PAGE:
At the end of the third quarter, the deficit was already much higher than the government had planned for the entire year. More money went to pensions and financing the national debt.

In the first three quarters of 2023, the government sector deficit reached 2,997 billion Hungarian forints, or 5.4 percent of GDP, the Central Statistical Office (KSH) said in its report. This is a very bad number, as the original budget deficit target for the full year was 3.9% of GDP. The Ministry of Finance raised this amount to 5.2 percent in the fall. According to the ministry’s forecasts published at the end of December, the deficit is expected to reach 5.9 percent.

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According to KSH, in the first three quarters compared to the same period in 2022, revenues increased by 2,467 billion Hungarian forints, or 12 percent. Excise tax revenues rose by 1,107 billion Hungarian forints, or 12.8 percent, with the largest increase, including

The increase in revenue from special taxes and local business tax was significant.

Income tax revenues exceeded the previous year by 647 billion Hungarian forints, or 19.4 percent. Social security contributions amounted to 697 billion Hungarian forints, 14.8 percent higher.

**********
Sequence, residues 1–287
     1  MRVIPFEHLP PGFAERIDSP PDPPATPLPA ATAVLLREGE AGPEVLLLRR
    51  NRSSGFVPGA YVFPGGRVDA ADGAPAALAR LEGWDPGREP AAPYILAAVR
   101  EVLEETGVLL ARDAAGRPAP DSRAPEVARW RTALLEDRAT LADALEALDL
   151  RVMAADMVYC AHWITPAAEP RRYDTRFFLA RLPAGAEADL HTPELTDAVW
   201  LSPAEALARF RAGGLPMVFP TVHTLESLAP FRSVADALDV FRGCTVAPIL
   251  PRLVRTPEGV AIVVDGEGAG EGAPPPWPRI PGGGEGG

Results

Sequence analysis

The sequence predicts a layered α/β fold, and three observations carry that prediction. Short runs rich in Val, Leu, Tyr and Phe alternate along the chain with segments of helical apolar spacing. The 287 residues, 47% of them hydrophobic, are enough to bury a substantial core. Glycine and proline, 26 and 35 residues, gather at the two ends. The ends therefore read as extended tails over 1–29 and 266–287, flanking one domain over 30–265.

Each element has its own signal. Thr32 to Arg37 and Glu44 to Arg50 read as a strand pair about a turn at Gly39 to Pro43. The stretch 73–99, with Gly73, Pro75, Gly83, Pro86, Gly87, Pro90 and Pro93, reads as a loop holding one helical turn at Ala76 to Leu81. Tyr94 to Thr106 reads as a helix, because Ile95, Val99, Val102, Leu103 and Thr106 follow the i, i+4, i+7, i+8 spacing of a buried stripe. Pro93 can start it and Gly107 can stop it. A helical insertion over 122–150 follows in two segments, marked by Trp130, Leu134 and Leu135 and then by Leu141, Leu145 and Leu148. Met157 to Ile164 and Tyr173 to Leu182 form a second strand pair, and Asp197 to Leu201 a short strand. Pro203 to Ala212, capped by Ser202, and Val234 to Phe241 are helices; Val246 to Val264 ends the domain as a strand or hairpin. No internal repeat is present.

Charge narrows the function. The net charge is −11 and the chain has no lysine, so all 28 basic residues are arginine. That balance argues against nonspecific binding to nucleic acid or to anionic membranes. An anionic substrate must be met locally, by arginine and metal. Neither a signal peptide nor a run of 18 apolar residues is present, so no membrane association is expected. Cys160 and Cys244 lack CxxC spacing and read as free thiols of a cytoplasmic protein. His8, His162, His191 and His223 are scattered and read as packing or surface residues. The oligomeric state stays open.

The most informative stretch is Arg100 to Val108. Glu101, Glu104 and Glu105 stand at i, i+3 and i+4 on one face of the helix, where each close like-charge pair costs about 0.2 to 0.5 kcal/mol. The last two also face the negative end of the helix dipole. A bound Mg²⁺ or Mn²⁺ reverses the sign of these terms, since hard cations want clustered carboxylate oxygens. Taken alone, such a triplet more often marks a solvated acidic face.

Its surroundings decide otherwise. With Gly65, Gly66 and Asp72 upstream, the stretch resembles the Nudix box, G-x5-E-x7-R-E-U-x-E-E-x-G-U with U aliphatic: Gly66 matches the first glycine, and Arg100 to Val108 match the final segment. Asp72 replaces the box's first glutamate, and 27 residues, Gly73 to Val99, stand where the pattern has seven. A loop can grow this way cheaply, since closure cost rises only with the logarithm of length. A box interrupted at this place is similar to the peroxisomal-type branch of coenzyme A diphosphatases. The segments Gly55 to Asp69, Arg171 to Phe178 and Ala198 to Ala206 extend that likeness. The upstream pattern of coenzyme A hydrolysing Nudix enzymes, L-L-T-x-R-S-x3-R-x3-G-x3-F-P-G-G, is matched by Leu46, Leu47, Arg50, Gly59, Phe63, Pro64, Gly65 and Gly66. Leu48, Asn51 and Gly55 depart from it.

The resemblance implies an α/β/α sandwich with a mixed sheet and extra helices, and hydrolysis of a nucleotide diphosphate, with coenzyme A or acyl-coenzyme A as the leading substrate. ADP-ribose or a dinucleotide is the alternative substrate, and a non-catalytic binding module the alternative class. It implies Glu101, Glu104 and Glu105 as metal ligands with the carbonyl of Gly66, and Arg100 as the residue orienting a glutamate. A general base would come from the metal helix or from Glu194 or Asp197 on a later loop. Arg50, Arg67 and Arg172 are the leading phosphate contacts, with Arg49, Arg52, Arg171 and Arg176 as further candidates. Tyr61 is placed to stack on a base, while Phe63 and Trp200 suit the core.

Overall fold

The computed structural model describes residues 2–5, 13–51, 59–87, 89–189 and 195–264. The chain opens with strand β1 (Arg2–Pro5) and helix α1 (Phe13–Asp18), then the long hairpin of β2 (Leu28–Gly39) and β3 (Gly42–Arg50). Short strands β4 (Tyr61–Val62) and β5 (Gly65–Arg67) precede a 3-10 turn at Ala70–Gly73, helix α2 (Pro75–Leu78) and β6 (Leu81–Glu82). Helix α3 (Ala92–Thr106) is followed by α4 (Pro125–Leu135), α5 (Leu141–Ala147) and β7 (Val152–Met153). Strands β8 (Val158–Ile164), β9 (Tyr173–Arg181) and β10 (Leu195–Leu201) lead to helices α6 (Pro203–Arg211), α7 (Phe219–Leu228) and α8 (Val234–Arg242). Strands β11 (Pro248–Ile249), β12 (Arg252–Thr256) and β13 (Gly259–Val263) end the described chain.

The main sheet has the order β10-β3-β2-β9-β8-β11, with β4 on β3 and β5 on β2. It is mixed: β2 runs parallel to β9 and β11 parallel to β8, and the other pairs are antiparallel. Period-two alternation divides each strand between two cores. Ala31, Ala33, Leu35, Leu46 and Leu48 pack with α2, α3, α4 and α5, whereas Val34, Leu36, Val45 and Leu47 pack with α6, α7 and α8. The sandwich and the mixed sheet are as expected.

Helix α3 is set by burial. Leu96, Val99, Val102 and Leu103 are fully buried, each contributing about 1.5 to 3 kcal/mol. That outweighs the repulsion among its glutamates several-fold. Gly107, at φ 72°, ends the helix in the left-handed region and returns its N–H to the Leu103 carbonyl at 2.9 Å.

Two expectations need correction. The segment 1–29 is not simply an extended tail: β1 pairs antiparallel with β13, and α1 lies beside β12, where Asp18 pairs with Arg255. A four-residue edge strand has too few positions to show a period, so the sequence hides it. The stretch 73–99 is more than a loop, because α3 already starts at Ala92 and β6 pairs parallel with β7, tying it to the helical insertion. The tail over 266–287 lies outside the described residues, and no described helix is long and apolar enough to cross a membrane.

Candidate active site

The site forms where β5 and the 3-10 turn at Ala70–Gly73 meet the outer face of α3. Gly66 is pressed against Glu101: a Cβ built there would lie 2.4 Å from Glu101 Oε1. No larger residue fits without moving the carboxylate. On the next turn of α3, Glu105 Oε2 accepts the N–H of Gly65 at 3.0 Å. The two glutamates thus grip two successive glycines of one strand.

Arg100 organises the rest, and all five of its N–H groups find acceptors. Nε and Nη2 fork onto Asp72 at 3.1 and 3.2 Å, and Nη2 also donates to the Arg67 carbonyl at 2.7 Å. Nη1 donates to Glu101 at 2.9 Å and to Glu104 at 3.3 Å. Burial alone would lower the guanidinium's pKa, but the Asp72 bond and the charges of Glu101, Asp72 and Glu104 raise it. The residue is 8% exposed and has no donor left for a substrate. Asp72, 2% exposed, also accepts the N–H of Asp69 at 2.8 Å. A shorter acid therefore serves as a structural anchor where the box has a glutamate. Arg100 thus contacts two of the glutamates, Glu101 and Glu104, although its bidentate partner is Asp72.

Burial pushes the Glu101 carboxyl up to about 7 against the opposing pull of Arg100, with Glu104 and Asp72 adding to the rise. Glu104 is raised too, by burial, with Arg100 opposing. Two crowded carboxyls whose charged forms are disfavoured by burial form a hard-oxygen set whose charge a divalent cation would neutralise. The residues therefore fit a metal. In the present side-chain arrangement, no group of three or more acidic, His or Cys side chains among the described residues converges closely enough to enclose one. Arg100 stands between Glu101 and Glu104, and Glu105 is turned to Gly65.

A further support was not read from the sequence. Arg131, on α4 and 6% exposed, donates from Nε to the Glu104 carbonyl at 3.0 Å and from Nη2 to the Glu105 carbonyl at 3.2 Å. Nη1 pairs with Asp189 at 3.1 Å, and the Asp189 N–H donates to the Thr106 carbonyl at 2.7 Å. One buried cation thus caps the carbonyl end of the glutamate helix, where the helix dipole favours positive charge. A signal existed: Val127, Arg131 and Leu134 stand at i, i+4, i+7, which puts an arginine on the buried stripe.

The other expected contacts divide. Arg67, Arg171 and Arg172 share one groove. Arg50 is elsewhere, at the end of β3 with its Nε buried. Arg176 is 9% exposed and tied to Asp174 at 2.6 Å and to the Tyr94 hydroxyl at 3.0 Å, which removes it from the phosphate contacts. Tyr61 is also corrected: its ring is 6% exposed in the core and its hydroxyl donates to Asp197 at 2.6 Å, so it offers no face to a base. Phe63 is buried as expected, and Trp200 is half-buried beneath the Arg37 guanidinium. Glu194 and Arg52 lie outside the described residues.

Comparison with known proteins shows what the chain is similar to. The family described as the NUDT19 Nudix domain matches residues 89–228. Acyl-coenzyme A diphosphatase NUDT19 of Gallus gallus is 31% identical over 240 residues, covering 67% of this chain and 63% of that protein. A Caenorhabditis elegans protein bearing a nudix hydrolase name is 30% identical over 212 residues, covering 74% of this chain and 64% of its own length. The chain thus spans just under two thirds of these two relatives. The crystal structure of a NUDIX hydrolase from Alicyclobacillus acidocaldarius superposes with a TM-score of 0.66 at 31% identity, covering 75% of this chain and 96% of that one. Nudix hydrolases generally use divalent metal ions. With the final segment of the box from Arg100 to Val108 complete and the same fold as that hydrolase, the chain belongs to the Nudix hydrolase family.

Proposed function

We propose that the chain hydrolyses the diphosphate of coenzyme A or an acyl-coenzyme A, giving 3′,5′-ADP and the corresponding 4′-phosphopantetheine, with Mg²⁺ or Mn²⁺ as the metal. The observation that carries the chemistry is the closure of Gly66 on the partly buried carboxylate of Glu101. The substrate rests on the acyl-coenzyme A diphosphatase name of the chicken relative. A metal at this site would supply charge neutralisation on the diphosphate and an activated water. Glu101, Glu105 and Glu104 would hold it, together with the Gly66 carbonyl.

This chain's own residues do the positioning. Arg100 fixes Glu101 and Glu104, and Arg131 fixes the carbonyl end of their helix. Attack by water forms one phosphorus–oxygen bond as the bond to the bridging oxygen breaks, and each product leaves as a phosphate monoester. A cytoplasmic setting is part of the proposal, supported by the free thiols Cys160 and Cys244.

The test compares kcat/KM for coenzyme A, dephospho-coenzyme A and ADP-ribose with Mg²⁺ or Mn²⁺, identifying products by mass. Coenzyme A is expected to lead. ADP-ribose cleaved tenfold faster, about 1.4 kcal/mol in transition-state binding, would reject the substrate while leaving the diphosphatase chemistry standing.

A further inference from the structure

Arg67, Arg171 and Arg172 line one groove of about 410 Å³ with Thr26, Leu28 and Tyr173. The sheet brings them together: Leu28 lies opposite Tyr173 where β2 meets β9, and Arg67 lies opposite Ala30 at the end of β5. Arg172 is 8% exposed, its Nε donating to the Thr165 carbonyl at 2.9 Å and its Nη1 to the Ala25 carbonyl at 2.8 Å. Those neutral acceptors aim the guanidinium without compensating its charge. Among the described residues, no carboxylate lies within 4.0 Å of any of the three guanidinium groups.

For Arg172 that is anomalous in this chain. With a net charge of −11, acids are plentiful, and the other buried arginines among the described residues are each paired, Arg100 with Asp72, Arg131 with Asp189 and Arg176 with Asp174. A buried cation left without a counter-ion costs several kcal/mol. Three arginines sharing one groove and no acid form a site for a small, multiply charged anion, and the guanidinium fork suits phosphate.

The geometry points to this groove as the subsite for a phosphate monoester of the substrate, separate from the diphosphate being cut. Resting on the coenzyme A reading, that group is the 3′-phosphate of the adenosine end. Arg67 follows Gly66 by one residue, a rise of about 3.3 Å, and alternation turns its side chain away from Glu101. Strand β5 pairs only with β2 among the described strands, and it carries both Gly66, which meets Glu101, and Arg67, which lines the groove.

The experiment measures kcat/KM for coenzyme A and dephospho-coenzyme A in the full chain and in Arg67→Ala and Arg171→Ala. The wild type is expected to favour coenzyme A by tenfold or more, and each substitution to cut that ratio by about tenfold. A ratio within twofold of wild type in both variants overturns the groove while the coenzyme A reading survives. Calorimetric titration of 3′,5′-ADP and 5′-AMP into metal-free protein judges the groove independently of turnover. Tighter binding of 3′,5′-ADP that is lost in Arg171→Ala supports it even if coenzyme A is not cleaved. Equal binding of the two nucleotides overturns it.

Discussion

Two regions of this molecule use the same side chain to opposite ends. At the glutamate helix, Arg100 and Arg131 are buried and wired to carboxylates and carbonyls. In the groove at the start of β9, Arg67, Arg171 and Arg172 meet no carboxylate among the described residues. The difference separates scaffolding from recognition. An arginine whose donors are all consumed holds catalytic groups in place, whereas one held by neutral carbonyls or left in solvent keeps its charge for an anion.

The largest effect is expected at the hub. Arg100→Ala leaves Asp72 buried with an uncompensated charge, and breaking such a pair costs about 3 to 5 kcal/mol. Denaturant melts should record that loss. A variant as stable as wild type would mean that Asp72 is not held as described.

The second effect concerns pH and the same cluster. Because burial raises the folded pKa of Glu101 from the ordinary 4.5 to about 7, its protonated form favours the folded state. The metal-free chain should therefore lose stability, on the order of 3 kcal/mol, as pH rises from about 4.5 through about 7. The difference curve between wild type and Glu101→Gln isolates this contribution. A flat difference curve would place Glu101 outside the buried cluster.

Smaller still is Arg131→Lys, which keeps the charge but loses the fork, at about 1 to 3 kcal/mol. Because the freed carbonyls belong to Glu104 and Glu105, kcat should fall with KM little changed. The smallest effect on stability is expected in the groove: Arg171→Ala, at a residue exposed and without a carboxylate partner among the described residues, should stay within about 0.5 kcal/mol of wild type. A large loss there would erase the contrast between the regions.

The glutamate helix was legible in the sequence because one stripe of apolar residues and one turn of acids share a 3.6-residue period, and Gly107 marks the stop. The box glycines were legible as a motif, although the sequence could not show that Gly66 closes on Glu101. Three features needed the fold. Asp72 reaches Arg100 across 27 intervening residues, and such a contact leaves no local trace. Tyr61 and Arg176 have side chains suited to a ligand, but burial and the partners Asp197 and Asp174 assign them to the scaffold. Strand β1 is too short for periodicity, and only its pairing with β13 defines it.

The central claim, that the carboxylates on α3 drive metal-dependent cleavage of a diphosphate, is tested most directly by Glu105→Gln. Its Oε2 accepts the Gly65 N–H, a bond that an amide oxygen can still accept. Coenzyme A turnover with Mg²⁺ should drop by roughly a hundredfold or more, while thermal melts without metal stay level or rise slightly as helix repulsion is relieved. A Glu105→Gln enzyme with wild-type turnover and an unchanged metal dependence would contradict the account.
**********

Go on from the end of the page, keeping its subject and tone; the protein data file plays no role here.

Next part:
Expenditures increased by 3,829 billion HUF, or 17.3 percent, compared to the first three quarters of 2022. The increase in paid employee income amounted to 231 billion HUF (4.6 percent). Regarding cash social benefits, the increase amounted to HUF 1,000 billion (19.9 percent), including payments for retirement benefits increased by HUF 784 billion, or 22.3 percent.

Interest expenses rose to 2,469 billion Hungarian forints, twice that amount.

As can be seen from the numbers above, the budget was flipped primarily due to the large increase in pension and interest expenses. At the same time, revenues also increased nicely – although revenues from the general sales tax were much lower than plan, owing to lower household consumption due to higher inflation.

The shift in spending also occurred mainly due to inflation. As for pensions, due to the higher inflation rate than planned, the state had to give a larger increase in pensions. The increase in interest expenses is also linked to inflation: in order to suppress inflation, the central bank has implemented radical increases in interest rates.

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